Meanwhile, a Pew Research Center survey explored how members of the Asian community in the United States describe themselves. That survey showed just 28% use the label “Asian”: 12% using it on its own and 16% call themselves “Asian American.”
More than half of the survey participants — 52% — said they most often use ethnic labels that reflect their specific heritage, either alone or together with “American,” such as “Chinese” or “Chinese-American,” “Filipino” or “Filipino-American.” About 10% use “American” on its own.
NOT AN EASY JOURNEY
But for Faye the importance of representation and ethnicity isn’t relegated to one month a year, and although he learned to come to terms with and embrace his mixed-race heritage, the journey wasn’t an easy one.
The fact his father died of cancer when Faye was 6 did not help. As a boy, Faye was just one more young person searching for his identity, enduring bullying along the way, including racist taunts that revealed ignorance and disregard for which Asian country his mother’s side of the family came from.
“It was pretty clear that none of them had the slightest desire, maybe not even the ability, to distinguish between Chinese and Japanese and Burmese,” he says. “To be honest, I wasn’t making a lot of distinctions either.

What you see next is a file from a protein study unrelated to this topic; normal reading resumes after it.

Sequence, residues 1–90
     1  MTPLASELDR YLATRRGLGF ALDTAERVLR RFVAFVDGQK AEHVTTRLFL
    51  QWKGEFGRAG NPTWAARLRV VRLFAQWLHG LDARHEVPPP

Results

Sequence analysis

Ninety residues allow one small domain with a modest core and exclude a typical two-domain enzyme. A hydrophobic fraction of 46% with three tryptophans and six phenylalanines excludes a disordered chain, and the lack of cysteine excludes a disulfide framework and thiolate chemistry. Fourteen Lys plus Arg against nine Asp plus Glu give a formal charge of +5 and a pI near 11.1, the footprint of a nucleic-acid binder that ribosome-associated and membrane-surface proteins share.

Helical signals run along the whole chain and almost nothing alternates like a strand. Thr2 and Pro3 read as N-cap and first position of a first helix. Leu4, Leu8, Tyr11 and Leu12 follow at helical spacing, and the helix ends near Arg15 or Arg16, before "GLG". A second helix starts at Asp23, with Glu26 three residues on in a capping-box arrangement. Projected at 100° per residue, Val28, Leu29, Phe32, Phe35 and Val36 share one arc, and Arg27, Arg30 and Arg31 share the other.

“And while I thought for a time that I was no different from any other American kid — I loved apple pie, I can tell you that — enough ignorant people planted enough seeds of doubt in me that I became convinced I was different, and not in a good way.”
He recalls that a friend’s grandmother once asked him what part of China he was from. After a brief uncomfortable pause, he replied, “I’m from America.”
It was pretty clear that none of them had the slightest desire, maybe not even the ability, to distinguish between Chinese and Japanese and Burmese.
“I didn’t bother to correct her presumption of my being Chinese,” Faye says. “This was a tactic I came to use a lot, whenever people would ask me where I was from. Regardless of their intentions, even if they were genuinely curious about my background, I always viewed this line of questioning as suspect, an attempt to paint me as the alien I already felt I was.”
Eventually, Faye found his identity — and his salvation — in music.
“Music gave me my voice — not just the transmitter of lyrics and melodies from the songs I write but my place in the world, my sense of belonging somewhere and believing in something,” he says.
Even that didn’t happen overnight and he was well into adulthood before he truly came to terms with his identity, his heritage, and “all the complexities and contradictions inherent in the unlikely union between the parents who made me,” he says.
Faye even found a way to permanently symbolize his dual heritage. One day he walked into a tattoo parlor. When he walked out, across the entire width of his upper arm was tattooed a black-and-green yin-yang symbol, but with shamrocks where small circles usually would be.
“Taken individually, the yin and yang and the shamrock are the visual clichés of each side I inherited,” Faye says. “But together, they represent something unique.”